War of words on whether UK firms should export staff to Middle East, and award-winning architect slams Dubai’s environmental record

Building reports two contrasting attitudes to going global to escape the credit crunch. First, Laing O’Rourke is planning to double its staff in the Middle East by adding another 4000, by recruiting worldwide as well as from the UK.

“If people have the skills, the experience and the ambition, then our message is to step this way,” said Toby McGuire, Laing O’Rourke’s head of communications.

The contractor’s turnover in the Middle East rose 23.8% last year to £420m, almost 10% of global sales. It has formed a joint venture with an Abu Dhabi property development, and is jointly working on the £10bn Al Raha beach development.

But consultant Waterman Partnership said that it would not be following the example of Davis Langdon and others in sending UK staff out to the Middle East.

Chief executive Nick Taylor said: “Shifting herds of people across the globe is a knee-jerk reaction to what’s happening in the market. The problem is staff will only stay with you three or four years before moving on. Then you’ve got upfront costs like a year’s rent in advance, and problems with people leaving their families behind.”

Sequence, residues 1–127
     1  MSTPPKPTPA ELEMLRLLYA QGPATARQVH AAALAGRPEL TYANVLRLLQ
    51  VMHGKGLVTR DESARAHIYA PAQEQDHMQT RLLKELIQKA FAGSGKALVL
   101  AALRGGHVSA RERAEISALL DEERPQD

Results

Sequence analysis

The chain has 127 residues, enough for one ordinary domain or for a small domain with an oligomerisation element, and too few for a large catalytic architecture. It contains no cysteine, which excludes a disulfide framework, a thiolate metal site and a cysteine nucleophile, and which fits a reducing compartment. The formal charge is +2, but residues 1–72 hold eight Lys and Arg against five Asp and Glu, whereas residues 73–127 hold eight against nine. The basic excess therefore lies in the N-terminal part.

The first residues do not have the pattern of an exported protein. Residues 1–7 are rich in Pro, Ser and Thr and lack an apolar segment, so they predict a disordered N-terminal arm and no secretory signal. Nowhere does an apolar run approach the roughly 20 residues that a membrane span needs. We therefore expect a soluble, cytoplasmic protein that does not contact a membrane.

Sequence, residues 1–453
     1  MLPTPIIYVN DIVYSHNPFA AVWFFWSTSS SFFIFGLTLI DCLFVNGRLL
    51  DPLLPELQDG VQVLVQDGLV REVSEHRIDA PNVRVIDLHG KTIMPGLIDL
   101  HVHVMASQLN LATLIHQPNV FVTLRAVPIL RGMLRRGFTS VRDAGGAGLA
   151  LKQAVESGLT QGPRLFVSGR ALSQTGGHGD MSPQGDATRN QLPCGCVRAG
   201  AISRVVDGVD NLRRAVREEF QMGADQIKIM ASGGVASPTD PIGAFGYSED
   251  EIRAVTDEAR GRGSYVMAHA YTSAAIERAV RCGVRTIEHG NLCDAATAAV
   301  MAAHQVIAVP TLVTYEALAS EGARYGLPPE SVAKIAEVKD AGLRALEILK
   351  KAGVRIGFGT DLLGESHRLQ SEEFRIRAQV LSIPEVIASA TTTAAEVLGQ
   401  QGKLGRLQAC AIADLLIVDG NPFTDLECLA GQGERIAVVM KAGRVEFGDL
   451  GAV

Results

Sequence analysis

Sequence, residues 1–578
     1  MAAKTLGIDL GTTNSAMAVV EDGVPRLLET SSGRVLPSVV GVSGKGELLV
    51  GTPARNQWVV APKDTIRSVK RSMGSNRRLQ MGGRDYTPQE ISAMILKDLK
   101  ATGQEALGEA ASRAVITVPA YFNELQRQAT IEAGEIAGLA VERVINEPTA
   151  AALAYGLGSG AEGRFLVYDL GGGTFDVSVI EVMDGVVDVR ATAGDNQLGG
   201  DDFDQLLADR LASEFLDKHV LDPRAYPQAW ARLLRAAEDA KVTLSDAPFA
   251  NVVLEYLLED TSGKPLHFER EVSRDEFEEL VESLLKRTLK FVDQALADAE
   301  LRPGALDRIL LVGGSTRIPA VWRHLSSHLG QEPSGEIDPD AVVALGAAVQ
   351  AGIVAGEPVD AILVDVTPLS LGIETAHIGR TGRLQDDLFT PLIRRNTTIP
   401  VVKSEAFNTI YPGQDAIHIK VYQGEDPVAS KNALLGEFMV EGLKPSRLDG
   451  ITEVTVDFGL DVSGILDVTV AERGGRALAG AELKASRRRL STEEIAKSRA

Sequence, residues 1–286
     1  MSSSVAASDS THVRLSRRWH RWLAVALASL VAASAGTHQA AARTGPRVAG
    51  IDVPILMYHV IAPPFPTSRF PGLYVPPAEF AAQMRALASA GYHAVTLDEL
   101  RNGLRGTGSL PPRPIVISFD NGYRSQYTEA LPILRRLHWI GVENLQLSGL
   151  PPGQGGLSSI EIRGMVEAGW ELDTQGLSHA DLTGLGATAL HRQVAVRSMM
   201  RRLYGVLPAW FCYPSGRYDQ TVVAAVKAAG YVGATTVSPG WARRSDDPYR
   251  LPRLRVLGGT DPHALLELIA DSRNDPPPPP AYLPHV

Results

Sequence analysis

Waterman was announcing increases in turnover and pre-tax profit, largely driven by overseas growth. It currently has around 200 staff in the Middle East, and does as much of the actual work as possible from its UK and Australia offices.

The difference of opinion coincided with the Cityscape Dubai property conference, attended by 40 000 delegates. Developers unveiled the next wave of mega-projects, including Nakheel’s plan for a 1km tall skyscraper.

But Building Design reports that Pritzker prize-winning US architect Thom Mayne used his conference speech to warn that Dubai was becoming an “ecological disaster.”

Mayne said: “It’s not going to work on many levels, from social to infrastructure and ecological. The political class is no longer in charge… which means there is no planning. The private sector rules.”